Federal investigators end probe into stuck throttles in Ford Escapes after ABC15 Investigation

After seven months, the National Highway Traffic Safety Administration (NHTSA) closed its investigation into a safety defect and recall involving stuck throttles in 2001-2004 model year Ford Escapes and 2001-2008 Mazda Tributes.

Despite three reported deaths related to the defect and pressure from auto safety advocates, the agency is not pursuing any civil fines against the automakers for failing to recall the SUVs years earlier.

"It's a total miscarriage of justice," said Clarence Ditlow, auto safety advocate and Executive Director of the Center for Auto Safety in Washington.

The federal investigation began after the ABC15 Investigators exposed a defect involving damaged speed control cables, stuck throttle complaints and a series of accidents.

In January 2012, 17-year-old Saige Bloom died after her 2002 Ford Escape accelerated out of control in Payson, Ariz.

That launched our five-month investigation exposing a pattern of accidents, complaints, lawsuits and two other deaths stemming from the same defect in the same model year SUVs around the country.

Less than two weeks after NHTSA opened its investigation, Ford and Mazda announced a major recall of more than 700,000 2001-2004 model year Ford Escapes and 2001-2008 Mazda Tributes equipped with 3.0L V6 engines and speed control for potential stuck throttles.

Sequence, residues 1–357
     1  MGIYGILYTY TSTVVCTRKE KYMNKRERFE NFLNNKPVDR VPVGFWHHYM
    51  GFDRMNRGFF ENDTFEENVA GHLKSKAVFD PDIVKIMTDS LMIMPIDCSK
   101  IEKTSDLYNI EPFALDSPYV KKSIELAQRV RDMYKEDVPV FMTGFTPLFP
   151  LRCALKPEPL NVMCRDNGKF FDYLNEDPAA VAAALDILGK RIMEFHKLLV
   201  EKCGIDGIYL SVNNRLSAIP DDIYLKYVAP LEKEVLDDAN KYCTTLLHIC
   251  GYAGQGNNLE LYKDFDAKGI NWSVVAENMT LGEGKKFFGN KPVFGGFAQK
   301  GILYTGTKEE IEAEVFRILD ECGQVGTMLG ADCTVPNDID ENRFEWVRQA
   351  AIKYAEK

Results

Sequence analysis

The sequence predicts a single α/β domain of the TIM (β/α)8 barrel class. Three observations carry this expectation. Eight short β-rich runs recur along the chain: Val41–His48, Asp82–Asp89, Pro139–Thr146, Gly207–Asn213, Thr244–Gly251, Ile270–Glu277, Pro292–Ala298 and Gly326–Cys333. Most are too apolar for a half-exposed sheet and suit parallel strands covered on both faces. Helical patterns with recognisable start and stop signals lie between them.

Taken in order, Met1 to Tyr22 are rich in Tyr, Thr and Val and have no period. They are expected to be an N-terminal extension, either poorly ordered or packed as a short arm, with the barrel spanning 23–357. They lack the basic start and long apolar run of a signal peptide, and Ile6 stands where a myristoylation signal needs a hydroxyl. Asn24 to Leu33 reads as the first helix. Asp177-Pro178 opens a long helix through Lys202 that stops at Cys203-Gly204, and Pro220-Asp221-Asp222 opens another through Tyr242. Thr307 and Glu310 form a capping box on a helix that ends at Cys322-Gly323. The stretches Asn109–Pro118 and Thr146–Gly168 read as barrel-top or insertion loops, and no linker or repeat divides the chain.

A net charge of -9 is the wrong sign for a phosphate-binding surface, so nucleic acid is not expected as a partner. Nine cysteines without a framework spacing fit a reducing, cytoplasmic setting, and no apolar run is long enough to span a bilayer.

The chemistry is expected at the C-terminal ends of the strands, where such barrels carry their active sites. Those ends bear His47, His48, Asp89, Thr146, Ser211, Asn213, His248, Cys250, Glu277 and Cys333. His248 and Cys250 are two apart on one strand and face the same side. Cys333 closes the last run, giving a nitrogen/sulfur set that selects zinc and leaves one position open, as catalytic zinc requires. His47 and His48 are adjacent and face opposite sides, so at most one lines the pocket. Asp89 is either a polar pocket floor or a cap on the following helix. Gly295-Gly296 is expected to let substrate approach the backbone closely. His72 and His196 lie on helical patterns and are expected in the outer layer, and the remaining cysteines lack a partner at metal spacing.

But some safety experts said the recall from Ford came seven years too late.

"Ford knew about the defect in 2004 and changed the vehicle in 2005," Ditlow said.

Asked why the agency isn't pursuing penalties against Ford, NHTSA said in a statement:

Safety remains NHTSA's primary focus and we urge consumers impacted by this and any other recall to have their vehicles promptly serviced. We have closed our defect investigation. NHTSA will continue to monitor any future issues involving a stuck throttle or unintended acceleration in these vehicles to ensure that there are no additional safety risks that warrant further action.

"Saige Bloom died in January 2012 because there wasn't a recall of the 2001 to 2004 Escapes," Ditlow said. "There's simply no way around that fact."

In a statement, Ford told the ABC15 Investigators:

We took swift action as soon as we completed our full technical investigation into the cause of the issue and determined that a recall was in the best interest of our customers.

NHTSA said it has no reason to challenge the recall.

ADDITIONAL STATEMENT FROM FORD MOTOR COMPANY:

While we were aware of the tragic death of Saige Bloom, we did not have the opportunity to investigate the vehicle involved in that accident until shortly before we announced the voluntary safety recall. And our internal investigation was not solely based on that one incident. We had a volume of data to review and analyze in order to ensure our investigation was thorough and properly implemented.

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